The easiest way to make it look real would be to film a real train and then use a model of the same kind of train engine. You could use a macro lens to try and get a good shot, but the camera elevation will likely be too high still (unless the track is elevated). Putting the actual person on the tracks would be hard with iMovie as well since I don't know if it has much (if anything) in the way of keying ability.

You may be able to simplify it a lot, including the comedic effect by using direct cuts rather than a zoom as well. I'd recommend you consider building tension by cutting back and forth between the person standing on a track and a real train moving down the track. Start with fairly slow cuts back and forth and then get faster and faster as the train gets closer. Then at the last second, cut to a shot where the model train runs in to the persons foot (it should be the first shot that actually shows the train and person together.)

This will build anticipation as people worry about what will happen before the sudden comic reveal that it was just a model train.


I like Henderson's answer. I'll add two suggestions: consider using stock footage of the 'real' train. I don't think that would be cheating -- even pro filmmakers use stock footage frequently. The real art is in the editing; that's where the story- telling comes from.

If you used stock footage of the train (one example: http://footage.shutterstock.com/clip-7465-stock-footage-historic-steam-train-coming-straight-at-the-camera-camera-locked-down-original-ambient-sound.html) it would be a lot less dangerous than shooting a real live train. And then you could concentrate on getting good scary close shots of the poor guy who's gonna get hit.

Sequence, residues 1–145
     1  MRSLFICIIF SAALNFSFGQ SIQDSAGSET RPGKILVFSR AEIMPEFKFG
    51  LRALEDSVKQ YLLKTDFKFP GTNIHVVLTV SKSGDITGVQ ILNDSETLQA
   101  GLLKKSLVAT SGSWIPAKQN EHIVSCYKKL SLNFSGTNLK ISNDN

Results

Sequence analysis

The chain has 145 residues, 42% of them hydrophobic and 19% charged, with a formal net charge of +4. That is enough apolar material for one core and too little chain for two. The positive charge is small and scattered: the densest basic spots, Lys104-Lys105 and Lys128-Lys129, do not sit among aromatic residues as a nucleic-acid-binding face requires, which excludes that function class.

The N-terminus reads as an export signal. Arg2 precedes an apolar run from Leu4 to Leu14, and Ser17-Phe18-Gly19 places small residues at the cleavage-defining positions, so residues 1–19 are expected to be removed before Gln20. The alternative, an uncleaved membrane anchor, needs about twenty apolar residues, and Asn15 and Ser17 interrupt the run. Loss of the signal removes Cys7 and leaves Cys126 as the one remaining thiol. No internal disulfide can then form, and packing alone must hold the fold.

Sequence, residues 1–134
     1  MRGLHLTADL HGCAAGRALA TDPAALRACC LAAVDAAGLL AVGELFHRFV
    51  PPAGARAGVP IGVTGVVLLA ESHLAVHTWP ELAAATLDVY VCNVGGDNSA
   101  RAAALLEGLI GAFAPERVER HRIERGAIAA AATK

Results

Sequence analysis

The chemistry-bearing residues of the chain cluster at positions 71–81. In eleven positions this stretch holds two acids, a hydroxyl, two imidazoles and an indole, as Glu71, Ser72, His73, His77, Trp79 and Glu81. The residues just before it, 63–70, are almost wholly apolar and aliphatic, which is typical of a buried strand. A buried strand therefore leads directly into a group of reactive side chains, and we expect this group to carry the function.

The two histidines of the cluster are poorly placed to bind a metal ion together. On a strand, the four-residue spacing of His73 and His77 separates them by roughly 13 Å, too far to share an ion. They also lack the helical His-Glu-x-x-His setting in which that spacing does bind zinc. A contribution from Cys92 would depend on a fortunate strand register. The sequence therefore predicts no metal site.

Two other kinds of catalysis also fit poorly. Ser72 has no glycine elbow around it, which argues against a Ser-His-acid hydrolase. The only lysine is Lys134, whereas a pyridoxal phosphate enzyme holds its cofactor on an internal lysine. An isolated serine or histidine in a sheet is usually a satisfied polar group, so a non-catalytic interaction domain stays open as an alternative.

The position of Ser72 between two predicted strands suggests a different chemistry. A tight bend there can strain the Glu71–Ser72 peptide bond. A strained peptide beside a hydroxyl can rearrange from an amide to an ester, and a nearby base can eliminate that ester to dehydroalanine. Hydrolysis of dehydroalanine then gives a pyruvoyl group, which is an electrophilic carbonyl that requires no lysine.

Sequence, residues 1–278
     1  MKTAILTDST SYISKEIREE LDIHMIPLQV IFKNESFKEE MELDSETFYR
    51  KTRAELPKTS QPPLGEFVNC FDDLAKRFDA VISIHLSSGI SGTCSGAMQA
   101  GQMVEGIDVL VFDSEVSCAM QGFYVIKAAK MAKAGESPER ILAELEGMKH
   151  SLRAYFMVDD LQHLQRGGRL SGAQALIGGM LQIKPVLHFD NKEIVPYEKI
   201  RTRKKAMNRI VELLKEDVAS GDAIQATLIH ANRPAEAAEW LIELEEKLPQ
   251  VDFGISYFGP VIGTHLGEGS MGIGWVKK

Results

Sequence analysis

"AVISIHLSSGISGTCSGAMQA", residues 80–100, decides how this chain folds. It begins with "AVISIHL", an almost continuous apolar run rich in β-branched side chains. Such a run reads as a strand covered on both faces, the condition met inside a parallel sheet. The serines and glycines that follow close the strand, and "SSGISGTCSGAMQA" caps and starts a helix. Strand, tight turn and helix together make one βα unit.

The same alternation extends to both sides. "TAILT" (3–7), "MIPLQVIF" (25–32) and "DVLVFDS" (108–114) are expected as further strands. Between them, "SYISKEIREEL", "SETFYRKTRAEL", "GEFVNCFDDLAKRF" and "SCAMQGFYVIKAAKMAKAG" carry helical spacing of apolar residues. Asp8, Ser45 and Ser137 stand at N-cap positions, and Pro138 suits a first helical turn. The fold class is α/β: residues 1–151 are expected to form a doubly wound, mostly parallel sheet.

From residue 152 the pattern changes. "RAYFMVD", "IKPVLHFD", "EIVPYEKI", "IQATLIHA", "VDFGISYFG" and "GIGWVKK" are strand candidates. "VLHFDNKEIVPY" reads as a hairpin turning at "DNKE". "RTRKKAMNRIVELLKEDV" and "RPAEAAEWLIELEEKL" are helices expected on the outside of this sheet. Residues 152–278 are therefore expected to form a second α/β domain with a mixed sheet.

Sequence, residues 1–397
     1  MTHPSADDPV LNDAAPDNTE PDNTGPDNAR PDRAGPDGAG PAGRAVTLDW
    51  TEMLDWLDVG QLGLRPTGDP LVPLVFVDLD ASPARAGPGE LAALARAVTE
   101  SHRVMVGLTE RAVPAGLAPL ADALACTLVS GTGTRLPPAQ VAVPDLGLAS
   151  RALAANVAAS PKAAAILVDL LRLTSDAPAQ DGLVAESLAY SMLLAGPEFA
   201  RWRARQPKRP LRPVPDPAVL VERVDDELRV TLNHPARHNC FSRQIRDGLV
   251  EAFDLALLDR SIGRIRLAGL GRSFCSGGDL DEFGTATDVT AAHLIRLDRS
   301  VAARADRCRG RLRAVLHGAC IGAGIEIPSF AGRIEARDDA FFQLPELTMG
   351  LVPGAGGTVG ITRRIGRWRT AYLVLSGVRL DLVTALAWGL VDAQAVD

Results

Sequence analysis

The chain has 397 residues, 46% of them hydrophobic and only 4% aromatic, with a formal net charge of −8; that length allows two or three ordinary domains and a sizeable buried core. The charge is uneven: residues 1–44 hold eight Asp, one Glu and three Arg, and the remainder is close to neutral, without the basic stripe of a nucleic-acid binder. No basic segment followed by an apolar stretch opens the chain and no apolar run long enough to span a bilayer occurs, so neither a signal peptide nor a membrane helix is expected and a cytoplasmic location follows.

You could do that on real tracks when there's no train coming. Try to make the light match whatever stock shots you use.

Also when you cut, finally, to the model train, shoot the collision in a few different ways: long shot (train + the guy's leg from the knee down), medium shot (train + foot and ankle) and close shot ( train + foot), so that you can see which works best in your edit. If you can put in a few model trees or anything else that helps the model shot match the stock shot -- extra points for that!

If you DO end up using stock footage you should get that footage first, before shooting anything else. Do a rough edit, breaking up the stock train shot wherever you think one of your live shots should go. You could make rough drawings of the shots that you'll eventually put at those breaks and insert them into your rough edit. This is a form of 'storyboarding' your project and it'll give you a better sense of the dramatic timing of the whole edit. You'll also get better ideas, in this way, about how to shoot the live shots that you'll make later.

This, by the way, is how many grown-up filmmakers work so it's good practice in case you want to go further in movies.

  • Great advice for the stock footage. Probably easier to match whatever train models you have that way too. Might be a trick to find the right kind of angle and a long enough shot of the train approaching, but if they do find it, it will be easier and safer.
    – AJ Henderson
    Mar 10, 2014 at 0:21
  • the train is a model shinkansen or japanese bullet train
    – mihirb
    Mar 11, 2014 at 3:59